Augustine v Data Cars Ltd, EA-2020-000383
The claimant was employed as a taxi driver. He rented a vehicle from a company associated with his employer and also rented a uniform, which was optional but enabled him to carry out premium driving jobs.
Following the termination of his employment, the claimant brought a number of claims in the employment tribunal, including a claim that he had not been paid the NMW. A tribunal decided that the car and uniform payments were not deductible for the purposes of calculating his entitlement to the NMW. This was on the basis that he was not obliged to rent the car (he had the option of using his own vehicle) and the uniform was also not required in order for him to work. The claimant appealed.
The EAT has allowed the claimant’s appeal, finding that both the car and uniform rental payments were deductible amounts for calculating NMW. The tribunal had applied the wrong test. The payments did not have to be a requirement of the employment but only ‘in connection with the employment’. Even though the claimant could have opted to provide his own car, and was not required to wear the uniform, both payments were incurred in connection with his employment and were deductible for the purposes of calculating NMW entitlement.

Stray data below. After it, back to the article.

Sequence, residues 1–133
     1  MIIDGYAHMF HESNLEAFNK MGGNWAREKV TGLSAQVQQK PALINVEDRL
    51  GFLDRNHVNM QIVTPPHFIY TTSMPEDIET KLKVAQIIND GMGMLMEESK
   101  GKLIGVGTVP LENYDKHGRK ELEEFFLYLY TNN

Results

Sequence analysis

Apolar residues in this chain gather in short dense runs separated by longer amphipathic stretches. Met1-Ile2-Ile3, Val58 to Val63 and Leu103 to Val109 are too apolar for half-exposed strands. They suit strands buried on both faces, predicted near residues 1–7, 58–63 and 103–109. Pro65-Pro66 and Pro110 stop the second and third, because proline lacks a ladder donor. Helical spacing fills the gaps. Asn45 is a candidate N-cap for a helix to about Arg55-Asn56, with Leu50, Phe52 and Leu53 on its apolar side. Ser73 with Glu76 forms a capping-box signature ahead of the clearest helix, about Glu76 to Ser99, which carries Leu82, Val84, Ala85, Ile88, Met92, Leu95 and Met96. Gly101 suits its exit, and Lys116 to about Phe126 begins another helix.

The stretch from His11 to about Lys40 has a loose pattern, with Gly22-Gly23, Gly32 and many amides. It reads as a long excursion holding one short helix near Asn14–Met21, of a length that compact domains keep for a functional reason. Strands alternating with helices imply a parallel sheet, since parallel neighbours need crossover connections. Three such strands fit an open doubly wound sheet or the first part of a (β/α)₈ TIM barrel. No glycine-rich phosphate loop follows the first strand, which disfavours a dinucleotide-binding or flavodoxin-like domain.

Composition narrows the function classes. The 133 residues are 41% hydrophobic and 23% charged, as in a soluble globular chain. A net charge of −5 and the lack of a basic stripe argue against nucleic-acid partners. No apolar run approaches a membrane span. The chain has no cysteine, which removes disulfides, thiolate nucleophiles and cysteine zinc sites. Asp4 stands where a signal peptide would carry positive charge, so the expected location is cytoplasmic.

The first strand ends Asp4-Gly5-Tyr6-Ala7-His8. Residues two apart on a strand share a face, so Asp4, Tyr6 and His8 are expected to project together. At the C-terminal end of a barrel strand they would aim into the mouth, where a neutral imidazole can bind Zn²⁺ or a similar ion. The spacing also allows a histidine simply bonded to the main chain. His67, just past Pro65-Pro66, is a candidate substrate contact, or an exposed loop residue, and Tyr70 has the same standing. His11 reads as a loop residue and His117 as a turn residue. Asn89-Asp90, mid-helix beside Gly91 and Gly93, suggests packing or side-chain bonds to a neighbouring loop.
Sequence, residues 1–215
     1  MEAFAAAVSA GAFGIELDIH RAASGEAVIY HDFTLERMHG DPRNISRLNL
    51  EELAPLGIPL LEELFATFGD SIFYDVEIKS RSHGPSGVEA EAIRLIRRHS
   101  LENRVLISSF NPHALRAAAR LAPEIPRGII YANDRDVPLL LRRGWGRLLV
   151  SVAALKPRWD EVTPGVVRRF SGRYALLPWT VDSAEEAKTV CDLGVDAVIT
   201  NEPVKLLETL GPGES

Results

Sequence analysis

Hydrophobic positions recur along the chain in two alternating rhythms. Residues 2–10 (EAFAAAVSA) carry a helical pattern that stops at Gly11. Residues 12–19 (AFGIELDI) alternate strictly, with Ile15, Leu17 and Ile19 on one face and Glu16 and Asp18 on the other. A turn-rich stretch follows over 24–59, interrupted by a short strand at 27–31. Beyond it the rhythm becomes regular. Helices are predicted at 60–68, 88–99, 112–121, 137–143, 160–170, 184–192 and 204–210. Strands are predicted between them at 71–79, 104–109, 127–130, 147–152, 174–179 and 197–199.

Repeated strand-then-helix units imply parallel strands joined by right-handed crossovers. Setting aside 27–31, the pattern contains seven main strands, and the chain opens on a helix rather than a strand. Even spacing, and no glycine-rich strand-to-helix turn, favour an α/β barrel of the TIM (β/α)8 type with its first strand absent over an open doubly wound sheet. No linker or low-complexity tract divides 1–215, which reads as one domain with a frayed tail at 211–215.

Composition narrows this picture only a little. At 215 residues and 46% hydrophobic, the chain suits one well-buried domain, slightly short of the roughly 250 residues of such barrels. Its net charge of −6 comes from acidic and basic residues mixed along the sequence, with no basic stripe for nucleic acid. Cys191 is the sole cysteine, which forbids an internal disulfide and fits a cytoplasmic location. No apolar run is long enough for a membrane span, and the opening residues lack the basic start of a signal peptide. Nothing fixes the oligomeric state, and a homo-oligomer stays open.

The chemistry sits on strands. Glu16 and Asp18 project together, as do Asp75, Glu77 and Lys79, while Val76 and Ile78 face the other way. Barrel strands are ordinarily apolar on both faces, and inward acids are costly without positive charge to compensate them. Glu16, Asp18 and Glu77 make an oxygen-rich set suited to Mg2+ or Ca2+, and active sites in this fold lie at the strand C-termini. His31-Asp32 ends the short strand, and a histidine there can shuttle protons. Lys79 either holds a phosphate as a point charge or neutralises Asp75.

Consequences of this decision
This decision serves as a reminder that there are a broad range of deductions that must be taken into account for the purposes of calculating a worker’s hourly pay. It includes deductions made in respect of a worker’s expenditure in connection with their employment, such as purchasing tools or equipment or the cleaning or purchasing of uniforms, even where such items are not a requirement. The payment does not have to be necessarily incurred, nor ‘wholly or exclusively’ incurred for the purposes of the employment. The worker must receive at least the NMW after any such deductions and payments have been taken into account.
These articles are from the November 2021 issue of Employment and Immigration Law Update, our monthly newsletter for HR professionals. To download the latest issue, please visit the newsletter section of our website. For further information please contact a member of Birketts' Employment Team.
The content of this article is for general information only. It is not, and should not be taken as, legal advice. If you require any further information in relation to this article please contact the author in the first instance. Law covered as at November 2021.